COVID-19 cellular pathogenesis in brief
Yuka Ikeda, Ai Tsuji, Mutsumi Murakami, Satoru Matsuda
Department of Food Science and Nutrition, Nara Women's University, Kita-Uoya Nishimachi, Nara, Japan
|Date of Submission||29-Apr-2020|
|Date of Decision||27-Jul-2020|
|Date of Acceptance||02-Sep-2020|
|Date of Web Publication||22-Dec-2021|
Department of Food Science and Nutrition, Nara Women's University, Kita-Uoya Nishimachi, Nara 630-8506
Source of Support: None, Conflict of Interest: None
|How to cite this article:|
Ikeda Y, Tsuji A, Murakami M, Matsuda S. COVID-19 cellular pathogenesis in brief. J Res Med Sci 2021;26:129
The most frequently used test for the diagnosis of COVID-19 is now reverse-transcriptase polymerase chain reaction (RT-PCR) executed by using nasopharyngeal swab specimens. The sensitivity of the severe acute respiratory syndrome (SARS)-CoV-2 RT-PCR tests has been described around 70%. The test could usually detect the virus 2 or 3 days before the onset of infectious symptoms. It should be toughly noted that the RT-PCR positivity does not mean an evidence of active and/or infectious virus. Vice versa, a negative result of the RT-PCR test does not exclude the SARS-CoV-2 infection.
In case the infection would be true, the SARS-CoV-2 virus simply enters the cells by attaching to the angiotensin-converting enzyme-2 (ACE2), which is expressed on pneumocytes of the lower airways. While ACE converts angiotensin I (Ang I) to Ang II, ACE2 uses Ang II as a substrate and produces Ang (1–7). The Ang II is a vasoconstrictor that causes oxidative stress, producing increased reactive oxygen species. Therefore, elevated Ang II level causes higher blood pressure, insulin resistance, proteinuria, and so on. In addition, ACE is surely correlated with asthma, chronic obstructive pulmonary disease, and acute respiratory distress syndrome. Furthermore, overactivation of ACE aggravates amyloid-β-induced apoptosis and/or neurodegeneration in Alzheimer's disease. On the other hand, the ACE2 is highly expressed in smokers and/or in patients with an underlying disease. As described below, several data have indicated the protective roles of the ACE2 pathway. Surface spike glycoprotein on the surface of SARS-CoV-2 binds to the ACE2 [Figure 1], which has been proven to be protective in pulmonary and cardiovascular diseases and so on. The Ang (1–7) exerts its effects through the Mas receptor in various tissues, including kidneys, heart, brain, and vasculature, which even protects against aneurysm rupture via the Mas receptor. Amazingly, upregulation of internal ACE2 could attenuate the exacerbation of nephropathy and hypertension in diabetic mice. In addition, stimulation of ACE2/Ang (1–7)/Mas ameliorates Alzheimer's disease. It has been reported that the ACE2/Ang (1–7)/Mas activates AKT signaling to ameliorate oxidative stress, inflammation, and hepatic steatosis. In general, the PI3K/AKT activation opposes the AT1-induced apoptosis.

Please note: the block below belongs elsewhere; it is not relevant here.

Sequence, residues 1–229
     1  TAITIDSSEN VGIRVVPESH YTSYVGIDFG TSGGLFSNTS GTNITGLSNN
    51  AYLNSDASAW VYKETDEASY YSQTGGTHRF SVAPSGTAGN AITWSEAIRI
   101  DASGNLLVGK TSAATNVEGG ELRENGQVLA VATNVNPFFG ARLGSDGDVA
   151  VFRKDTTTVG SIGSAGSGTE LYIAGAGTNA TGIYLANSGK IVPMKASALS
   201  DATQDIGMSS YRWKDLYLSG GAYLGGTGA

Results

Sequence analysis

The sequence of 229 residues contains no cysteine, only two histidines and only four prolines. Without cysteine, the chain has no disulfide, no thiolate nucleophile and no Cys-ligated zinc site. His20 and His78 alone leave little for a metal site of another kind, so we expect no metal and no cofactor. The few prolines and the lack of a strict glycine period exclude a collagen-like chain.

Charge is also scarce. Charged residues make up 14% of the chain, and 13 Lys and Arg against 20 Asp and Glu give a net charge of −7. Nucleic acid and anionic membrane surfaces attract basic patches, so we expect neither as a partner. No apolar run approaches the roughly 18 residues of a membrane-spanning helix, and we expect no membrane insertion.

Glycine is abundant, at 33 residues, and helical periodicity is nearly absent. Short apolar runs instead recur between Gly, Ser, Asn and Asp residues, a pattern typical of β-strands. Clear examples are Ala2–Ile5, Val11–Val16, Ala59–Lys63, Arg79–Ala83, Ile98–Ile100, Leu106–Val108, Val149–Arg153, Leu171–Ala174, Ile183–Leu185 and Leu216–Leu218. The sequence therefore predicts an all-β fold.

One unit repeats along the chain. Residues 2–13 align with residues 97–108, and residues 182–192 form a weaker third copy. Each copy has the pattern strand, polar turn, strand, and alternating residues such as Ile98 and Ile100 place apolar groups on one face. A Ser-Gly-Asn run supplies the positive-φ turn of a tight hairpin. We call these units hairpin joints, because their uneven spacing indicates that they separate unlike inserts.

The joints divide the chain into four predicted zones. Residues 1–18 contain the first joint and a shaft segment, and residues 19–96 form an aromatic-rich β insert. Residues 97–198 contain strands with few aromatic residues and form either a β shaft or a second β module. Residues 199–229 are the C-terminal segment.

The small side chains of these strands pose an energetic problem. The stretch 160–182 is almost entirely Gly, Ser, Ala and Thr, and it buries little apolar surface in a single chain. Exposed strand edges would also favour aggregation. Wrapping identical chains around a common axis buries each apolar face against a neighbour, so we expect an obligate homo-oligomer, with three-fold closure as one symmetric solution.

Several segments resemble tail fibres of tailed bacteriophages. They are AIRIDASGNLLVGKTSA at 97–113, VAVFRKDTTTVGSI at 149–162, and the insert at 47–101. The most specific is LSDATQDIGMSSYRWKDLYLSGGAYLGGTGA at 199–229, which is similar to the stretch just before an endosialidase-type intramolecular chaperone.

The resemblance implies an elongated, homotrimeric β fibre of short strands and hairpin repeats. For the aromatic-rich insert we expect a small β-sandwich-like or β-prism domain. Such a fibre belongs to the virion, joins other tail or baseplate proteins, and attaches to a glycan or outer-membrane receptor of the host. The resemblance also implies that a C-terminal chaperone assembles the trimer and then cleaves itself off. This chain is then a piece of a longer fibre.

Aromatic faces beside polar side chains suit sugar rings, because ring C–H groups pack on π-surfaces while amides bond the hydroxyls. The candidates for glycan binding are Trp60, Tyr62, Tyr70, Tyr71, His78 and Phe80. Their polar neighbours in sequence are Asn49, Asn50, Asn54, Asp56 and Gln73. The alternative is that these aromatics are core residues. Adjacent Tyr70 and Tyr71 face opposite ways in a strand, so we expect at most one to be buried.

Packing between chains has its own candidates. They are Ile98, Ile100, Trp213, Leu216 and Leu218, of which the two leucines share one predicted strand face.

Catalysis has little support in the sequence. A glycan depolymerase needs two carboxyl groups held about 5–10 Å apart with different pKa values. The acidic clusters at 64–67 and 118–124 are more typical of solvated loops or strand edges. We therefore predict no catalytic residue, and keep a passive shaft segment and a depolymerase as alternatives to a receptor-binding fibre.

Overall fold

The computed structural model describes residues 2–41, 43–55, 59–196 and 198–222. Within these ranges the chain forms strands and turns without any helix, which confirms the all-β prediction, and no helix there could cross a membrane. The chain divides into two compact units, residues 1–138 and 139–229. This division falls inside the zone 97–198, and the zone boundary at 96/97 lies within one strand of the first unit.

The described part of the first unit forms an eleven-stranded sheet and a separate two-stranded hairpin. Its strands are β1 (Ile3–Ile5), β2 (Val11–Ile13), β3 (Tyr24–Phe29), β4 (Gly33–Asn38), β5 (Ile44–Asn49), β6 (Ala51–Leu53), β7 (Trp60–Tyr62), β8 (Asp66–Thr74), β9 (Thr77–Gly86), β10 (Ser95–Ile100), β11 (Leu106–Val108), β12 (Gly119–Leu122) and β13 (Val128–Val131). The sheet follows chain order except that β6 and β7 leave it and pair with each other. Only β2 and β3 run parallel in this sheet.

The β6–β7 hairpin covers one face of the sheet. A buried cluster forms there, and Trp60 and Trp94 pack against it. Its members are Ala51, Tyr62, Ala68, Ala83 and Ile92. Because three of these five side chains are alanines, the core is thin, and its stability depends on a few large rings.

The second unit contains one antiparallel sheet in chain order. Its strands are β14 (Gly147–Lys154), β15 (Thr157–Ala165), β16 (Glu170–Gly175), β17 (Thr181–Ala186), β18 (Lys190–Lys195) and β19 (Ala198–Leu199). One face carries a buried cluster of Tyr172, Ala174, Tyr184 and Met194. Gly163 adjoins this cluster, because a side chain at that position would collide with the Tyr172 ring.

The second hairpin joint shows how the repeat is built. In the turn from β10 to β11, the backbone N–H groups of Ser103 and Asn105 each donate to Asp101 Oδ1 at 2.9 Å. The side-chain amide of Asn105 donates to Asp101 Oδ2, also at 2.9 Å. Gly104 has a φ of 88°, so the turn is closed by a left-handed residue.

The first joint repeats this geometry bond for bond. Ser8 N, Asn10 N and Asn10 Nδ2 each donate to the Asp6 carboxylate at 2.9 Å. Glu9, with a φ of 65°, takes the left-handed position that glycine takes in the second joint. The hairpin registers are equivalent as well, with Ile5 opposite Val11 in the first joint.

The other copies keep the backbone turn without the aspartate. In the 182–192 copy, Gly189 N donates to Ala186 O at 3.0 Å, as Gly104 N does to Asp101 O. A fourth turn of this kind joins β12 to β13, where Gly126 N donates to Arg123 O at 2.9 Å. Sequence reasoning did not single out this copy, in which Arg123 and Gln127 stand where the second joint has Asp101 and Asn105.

|Figure 1: Schematic illustration implying that angiotensin-converting enzyme-2/angiotensin (1–7)/Mas axis protects host tissues via the PI3K/AKT/NRF2/HO1 signaling from various diseases without COVID-19. When COVID-19 infection abolishes the angiotensin-converting enzyme-2 axis, special dieting could substitute the protection by activating the PI3K/AKT signaling|
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The PI3K/AKT pathway is thought to correlate with host protection and disease prognosis. If the SARS-CoV-2 virus destroys the ACE2/Ang (1–7)/Mas/PI3K/AKT signaling pathway, a host protection system, it would be of significance to define appropriate strategies to achieve benefits to activate the PI3K/AKT pathway. As the efficiency of pharmacological and/or vaccinal treatments against COVID-19 has been imperfect at present, dietary choices could indicate a certain role in the host protection system via the PI3K/AKT activation. For example, dietary supplementation of fish oil attenuates lipopolysaccharideinduced inflammation as shown in previous studies. Lifestyle factors such as special diets could play certain roles against the severity of COVID-19.
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